One passage mentions his distaste for Jeremy Clarkson, another for Joseph Conrad, and this afternoon Dyer says he was glad to “diss” Julian Barnes for his “averageness” in a recent column in the New York Times. He also says he’s no great fan of Ingmar Bergman. “I watched Persona with my wife the other night, and we thought it was almost a joke, except for the promise of girl-on-girl action, which never quite happens. Some classics seem like turkeys to me.”
Dyer considers Stalker both “objectively great” and subjectively resounding. He wonders why this film should have moved him above all others, and reflects on his changing response to it – youthful boredom and impatience at a first screening in 1981, then a growing, nagging awe. “It changed my perception of time,” he says. This perhaps accounts for some of Dyer’s recurring themes and preoccupations, his ability to read photographs as if they were stories, and write stories as if flipping through polaroids. Paris Trance, his 1998 novel about a young man who blows a lifetime of happiness on one year in that city, is arranged not in chapters, but in “moments”, as Dyer puts it. “I’m a big believer in moments,” he says.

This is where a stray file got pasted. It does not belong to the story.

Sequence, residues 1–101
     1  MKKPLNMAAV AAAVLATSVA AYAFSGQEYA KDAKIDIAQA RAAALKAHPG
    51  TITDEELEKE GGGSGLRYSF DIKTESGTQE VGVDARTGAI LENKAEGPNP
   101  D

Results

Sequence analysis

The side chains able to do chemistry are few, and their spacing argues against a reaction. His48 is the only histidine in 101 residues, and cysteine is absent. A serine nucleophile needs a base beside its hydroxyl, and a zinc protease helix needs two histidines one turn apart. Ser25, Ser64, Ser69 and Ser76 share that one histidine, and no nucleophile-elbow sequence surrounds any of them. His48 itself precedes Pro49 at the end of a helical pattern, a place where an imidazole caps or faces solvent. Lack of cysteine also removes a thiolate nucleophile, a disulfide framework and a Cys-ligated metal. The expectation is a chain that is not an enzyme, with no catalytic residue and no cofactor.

“Which compensates for the fact that I can’t plot.” In one way or another, he has been writing about the Zone since he started writing, or at least since that early book on the Somme – “a place where time has stood its ground”, or “not a place at all but a dream space of the past”. In his book of travel essays, Yoga For People Who Can’t Be Bothered To Do It, he described feeling much the same way at the Lepsis ruins in Libya, and at the Burning Man festival in the Nevada desert. “I always know when I’m in the Zone,” he wrote. “When I’m in the Zone I don’t want to be anywhere else. When I’m not in the Zone I’m wishing I was somewhere else, wishing I was in the Zone.”